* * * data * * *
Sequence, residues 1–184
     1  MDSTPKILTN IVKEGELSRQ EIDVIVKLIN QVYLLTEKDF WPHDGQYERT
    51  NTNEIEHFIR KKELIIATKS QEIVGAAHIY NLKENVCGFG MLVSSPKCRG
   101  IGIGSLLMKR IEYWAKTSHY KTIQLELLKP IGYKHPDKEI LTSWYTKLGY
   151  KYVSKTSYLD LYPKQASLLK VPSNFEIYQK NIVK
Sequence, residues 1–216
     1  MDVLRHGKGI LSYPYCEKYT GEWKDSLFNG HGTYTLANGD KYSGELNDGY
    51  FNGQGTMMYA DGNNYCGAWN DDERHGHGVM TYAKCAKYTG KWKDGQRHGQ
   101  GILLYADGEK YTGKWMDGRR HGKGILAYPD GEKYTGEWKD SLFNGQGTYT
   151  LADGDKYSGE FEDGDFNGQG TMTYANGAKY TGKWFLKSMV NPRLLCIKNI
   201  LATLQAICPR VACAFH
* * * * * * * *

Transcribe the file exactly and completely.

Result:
Sequence, residues 1–184
     1  MDSTPKILTN IVKEGELSRQ EIDVIVKLIN QVYLLTEKDF WPHDGQYERT
    51  NTNEIEHFIR KKELIIATKS QEIVGAAHIY NLKENVCGFG MLVSSPKCRG
   101  IGIGSLLMKR IEYWAKTSHY KTIQLELLKP IGYKHPDKEI LTSWYTKLGY
   151  KYVSKTSYLD LYPKQASLLK VPSNFEIYQK NIVK
Sequence, residues 1–216
     1  MDVLRHGKGI LSYPYCEKYT GEWKDSLFNG HGTYTLANGD KYSGELNDGY
    51  FNGQGTMMYA DGNNYCGAWN DDERHGHGVM TYAKCAKYTG KWKDGQRHGQ
   101  GILLYADGEK YTGKWMDGRR HGKGILAYPD GEKYTGEWKD SLFNGQGTYT
   151  LADGDKYSGE FEDGDFNGQG TMTYANGAKY TGKWFLKSMV NPRLLCIKNI
   201  LATLQAICPR VACAFH